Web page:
FARGO — Ken Knudsen would just as soon forget the farm stress of the 1980s, but he hopes today’s ag lenders remember its lessons.
Knudsen, 63, had a front seat to the farm credit crisis of the 1980s, when one in four farms failed because of economic losses. He says that today he isn’t seeing the restructuring and a shake-out of farm numbers in the Upper Midwest that he did back then. Knudsen retired a year ago as senior vice president of credit at AgCountry Farm Credit Services, based in Fargo.
“At the peak of the tough times, in 1987, about half of our volume was labeled ‘adverse,’ meaning not meeting typical credit standards,” he says. “That compares to about 4% today.”
A bit of background: The Fargo-based co-op was under the St. Paul Bank for Cooperatives, chartered in 1933 and a member of the Farm Credit System — all regulated by the federal Farm Credit Administration.
The St. Paul Bank was one of 12 district banks. The banks made equipment and operating loans through Production Credit Associations.
Knudsen in 1980 moved to a PCA post in Fargo and in 1981 moved into a tumultuous career in credit management.
The ‘wild stuff’
As Knudsen’s credit responsibilities grew, farmers had suffered five years of losses. Interest rates skyrocketed from about 7% to a high of 20% per year. That year, Fargo PCA started a special credit department to work with the increasing volume of troubled loans to farmers.
From 1982 to 1984, what Knudsen describes as the “wild stuff” hit. There was the tax-protesting group known as Posse Comitatus with farmer Gordon Kahl, and a famous shootout with U.S. marshals at Medina, N.D., in February 1983. There were advocate groups like the Farmers Legal Assistance Project that manipulated “no-sale” auctions, where people refused to bid so no money would go back to the lender that was seen as forcing the liquidation. There were tractorcades to draw attention to the plight of farmers.
Farm auction sales started out as “mostly voluntary” from 1981 to 1985, but some turned ugly.
”Loan officers at times got death threats. Some lenders placed plain-clothed guards in their offices,” Knudsen says.
By 1985, after years of losses and rising interest rates, land values started to fall for the first time since the 1930s. This hit the Federal Land Banks, which, in many areas, had about 75% market share in land loans.
Knudsen helped the system innovate.
In 1982, Knudsen and the Fargo PCA made history when it staged the first PCA agricultural equipment lease to farmers Gary and Betty Osborn of Fairmount, N.D.
The Osborns obtained the Steiger tractor at an annual interest rate of 10.1%, compared to a conventional loan of 15.8% at the time.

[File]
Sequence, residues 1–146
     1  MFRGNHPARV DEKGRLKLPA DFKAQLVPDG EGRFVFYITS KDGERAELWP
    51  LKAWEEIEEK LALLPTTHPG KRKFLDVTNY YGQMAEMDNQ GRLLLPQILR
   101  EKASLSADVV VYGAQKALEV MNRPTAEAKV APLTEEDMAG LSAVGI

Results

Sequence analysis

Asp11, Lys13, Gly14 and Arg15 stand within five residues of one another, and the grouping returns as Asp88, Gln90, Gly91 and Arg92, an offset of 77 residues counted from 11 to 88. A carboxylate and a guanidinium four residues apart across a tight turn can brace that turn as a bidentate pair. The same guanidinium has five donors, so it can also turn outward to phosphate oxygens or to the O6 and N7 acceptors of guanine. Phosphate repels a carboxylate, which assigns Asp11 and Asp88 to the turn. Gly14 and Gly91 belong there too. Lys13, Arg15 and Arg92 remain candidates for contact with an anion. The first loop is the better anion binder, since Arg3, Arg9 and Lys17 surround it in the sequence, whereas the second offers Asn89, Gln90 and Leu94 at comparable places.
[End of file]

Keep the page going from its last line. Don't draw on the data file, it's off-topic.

At the time, Knudsen made a point of saying the lease is “a financing tool, not as a last resort for those who can’t qualify for a loan.”
But farmers continued to go under, suffering from the weight of high-interest loans, poor prices and, for many, unusually dry weather.
Nationally, the Farm Credit System did not have enough reserves to cover the anticipated losses. The system needed to request a loan from Congress to stay in business but needed to show that it had a plan to survive and repay the loan.
In Fargo, Knudsen helped develop a group of strategies that could significantly reduce the loan losses and return the system to viability. “If it was less of a loan loss to restructure the interest rate — or sometimes the debt — to obtain more collateral to reduce the loan losses and buy some time for things to turn around, we would do so,” Knudsen said.
Larry Buegler, the new president of the St. Paul Farm Credit Bank, presented these workout plans to Congress. Congress passed a $4 billion line of credit as part of the Farm Credit Act of 1987 (actually passed in 1988). Because of the success of these strategies, FCS only used $1.2 billion of the credit line and paid it all back with interest.
Eventually, interest rates came down, and crop prices and yields went up.
Knudsen remembers things improving in 1993 as the region entered a wet phase and more farmers shifted from cereal crops to higher-value row crops like soybeans and corn. Land values rose fairly quickly.
Today, Knudsen estimates that many full-time farms have more than 2,000 acres in the Red River Valley. Landowners who bought more land have more control and don’t have to negotiate cash rents and ward off other interested renters every year, Knudsen says.
More owned land means more options. If necessary, farmers are able to sell some land, pay off or pay down debt and improve their cash flow and buy more time. “You see a lot of adjusting going on today — not seeing any debt forgiveness,” he says.
Many farmers still are breaking even or making a little money. Seed, fertilizer, chemical and rent is expensive, but interest rates are low.
“There’s always options,” Knudsen says, if problems are addressed in a timely manner.
“That’s why you don’t see many foreclosures and bankruptcies today, yet, and I hope we don’t,” he says. More equity and collateral provide more options and time, but it’s “all about cash flow.”
“I hope the people in charge of credit training in the ag lending shops went through the 1980s,” he says. “When you start to see stress, you start dealing with it right away — way before there’s significant trouble.”